The second scene is when Gaston discovers he wants more from his relationship with Gigi. After an ugly dispute with her, he goes for a walk and sings about his frustration ("Gaston's Soliloquy") until he is hit with the idea that Gigi is no longer "the funny, awkward little girl I knew." It's a glorious scene, made all the more magnificent by Lerner and Loewe's music. In the play, we notice Gaston's changing feelings when Gigi fixes his hair and tie. "Their eyes meet," Loos writes, "and for a moment there is silence." Gaston then nervously thanks her and leaves. In the novella, there is nothing like that. Gaston tries to take Gigi out to tea, but Grandmama stops them and tells Gaston in private that Gigi can't be seen in public with him because she would become "compromised," meaning everyone would assume Gigi is his new mistress. Gaston becomes furious and leaves, returning a week later to discuss with Grandmama the conditions for Gigi to become his companion. All of that is in the film, too, but without the music, which gives us insight into Gaston's thinking, it feels abrupt.

The third vital scene Lerner crafted is when Gigi and Gaston go to Maxim's after she has agreed to be with him. She does everything Alicia has ever taught her -- selecting Gaston's cigar and lighting it, sipping her wine politely, gasping in delight when Gaston gives her a diamond bracelet -- but none of it is true to who Gigi really is, and Gaston knows it. He is visibly uncomfortable throughout the whole evening and he soon drags a crying Gigi home, having realized how wrong he was to make such an arrangement. Slowly walking home in deep thought, Gaston decides to go back to Gigi's and proposes. This entire sequence is essential because it shows that Gaston truly loves Gigi for who she is. The play and the novella make this clear, too, but it just doesn't feel the same -- it isn't as romantic or grandiose.


In the end, what makes Minnelli's Gigi my favorite Gigi is the music. Lerner and Loewe's score is simply gorgeous, from the joyous "The Night They Invented Champagne" to the wistful "I Remember It Well" to the sublime title song. Every single tune enhances the story and makes the characters all the more vivid. I've been in love with this score from the moment I first heard it and it still makes me sigh with admiration at every listening.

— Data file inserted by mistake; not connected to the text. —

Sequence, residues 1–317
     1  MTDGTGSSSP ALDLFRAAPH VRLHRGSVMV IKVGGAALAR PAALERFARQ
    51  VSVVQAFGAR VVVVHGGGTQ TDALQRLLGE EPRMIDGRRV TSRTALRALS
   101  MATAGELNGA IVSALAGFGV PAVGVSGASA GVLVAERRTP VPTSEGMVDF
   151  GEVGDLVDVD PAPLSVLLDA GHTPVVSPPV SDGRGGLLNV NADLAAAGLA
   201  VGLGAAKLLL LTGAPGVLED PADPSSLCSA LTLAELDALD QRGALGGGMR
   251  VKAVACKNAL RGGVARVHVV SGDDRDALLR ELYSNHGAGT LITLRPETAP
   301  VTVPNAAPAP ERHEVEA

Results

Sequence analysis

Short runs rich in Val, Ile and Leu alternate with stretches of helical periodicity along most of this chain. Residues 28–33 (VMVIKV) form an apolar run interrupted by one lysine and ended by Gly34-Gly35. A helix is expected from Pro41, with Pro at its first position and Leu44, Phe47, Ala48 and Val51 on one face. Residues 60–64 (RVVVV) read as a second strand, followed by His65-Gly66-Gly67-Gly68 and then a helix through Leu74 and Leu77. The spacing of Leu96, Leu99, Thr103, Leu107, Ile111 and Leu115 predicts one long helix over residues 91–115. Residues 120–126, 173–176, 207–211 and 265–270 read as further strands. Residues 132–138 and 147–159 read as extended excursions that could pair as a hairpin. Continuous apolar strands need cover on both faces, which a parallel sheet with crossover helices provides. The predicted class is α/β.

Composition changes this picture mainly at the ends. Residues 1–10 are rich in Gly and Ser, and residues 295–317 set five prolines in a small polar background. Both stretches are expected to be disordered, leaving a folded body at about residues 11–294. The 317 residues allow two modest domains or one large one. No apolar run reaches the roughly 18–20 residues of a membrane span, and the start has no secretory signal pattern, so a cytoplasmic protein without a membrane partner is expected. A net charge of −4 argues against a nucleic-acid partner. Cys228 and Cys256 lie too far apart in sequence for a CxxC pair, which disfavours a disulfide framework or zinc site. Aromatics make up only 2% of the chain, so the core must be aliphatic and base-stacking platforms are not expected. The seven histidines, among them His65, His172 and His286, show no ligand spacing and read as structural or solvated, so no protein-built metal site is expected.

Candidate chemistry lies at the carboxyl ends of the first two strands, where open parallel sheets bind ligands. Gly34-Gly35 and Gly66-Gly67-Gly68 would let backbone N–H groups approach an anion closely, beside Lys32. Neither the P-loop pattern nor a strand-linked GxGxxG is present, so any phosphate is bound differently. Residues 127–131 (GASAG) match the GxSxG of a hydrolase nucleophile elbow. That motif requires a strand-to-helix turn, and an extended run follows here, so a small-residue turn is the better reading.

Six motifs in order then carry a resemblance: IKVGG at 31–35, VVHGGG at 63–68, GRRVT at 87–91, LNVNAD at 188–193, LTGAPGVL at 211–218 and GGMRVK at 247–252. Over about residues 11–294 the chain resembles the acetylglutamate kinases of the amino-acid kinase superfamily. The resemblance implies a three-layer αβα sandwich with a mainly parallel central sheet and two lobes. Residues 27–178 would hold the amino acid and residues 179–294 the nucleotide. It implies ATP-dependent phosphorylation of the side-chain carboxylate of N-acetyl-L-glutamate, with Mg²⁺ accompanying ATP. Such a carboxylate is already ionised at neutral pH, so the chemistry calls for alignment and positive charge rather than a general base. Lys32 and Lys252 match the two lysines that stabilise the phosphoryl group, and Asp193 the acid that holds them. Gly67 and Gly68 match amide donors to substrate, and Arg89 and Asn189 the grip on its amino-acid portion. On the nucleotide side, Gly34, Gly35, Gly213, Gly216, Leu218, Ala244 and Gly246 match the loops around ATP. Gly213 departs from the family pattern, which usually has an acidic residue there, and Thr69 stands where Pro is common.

Considered by many to be the last great MGM musical, Gigi is captivating from start to finish. Not only does it succeed as a brilliant adaptation of Colette's work, it stands on its own as a towering achievement of MGM's Freed Unit. After studying Colette's novella and Loos's play, my devotion and respect for Minnelli's film has increased tenfold. I already can't wait for my next viewing.

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This is my third and final contribution to the Broadway Bound Blogathon. Check out the incredible roster of posts here!

Comments

  1. I adored your extensive journey through the lives of Gigi, especially the marvelous Playbill excerpts. I saw Louis Jourdan as Honore in the mid-1980s tour of Gigi here at Toronto's Royal Alexandra Theatre. He was a delight.

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    1. SO JEALOUS. I'm in love with Louis Jourdan. I bet he made for a great Honore.

      Thanks for reading! :)

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  2. I. Love. This. Review. It's so interesting, and it was great seeing your graduation presents! Your boss knew you well. Thanks for joining the blogathon--all your posts have been fantastic. :-)

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    Replies
    1. Well, thank you! I loved writing all of my entries for this blogathon, but I think I had the most fun with this one. I've always adored Gigi (1958) and it was great digging into its history and reading the works that came before it.

      Delete
  3. Fantastic article, Michaela! Although Gigi isn't one of my favourites, I very much enjoyed reading your excellent, and very interesting article about how it came to the screen.

    ReplyDelete
    Replies
    1. Thank you! Although I adore it, I know Gigi isn't everyone's cup of tea, so it's great to hear that you still enjoyed reading its history!

      Delete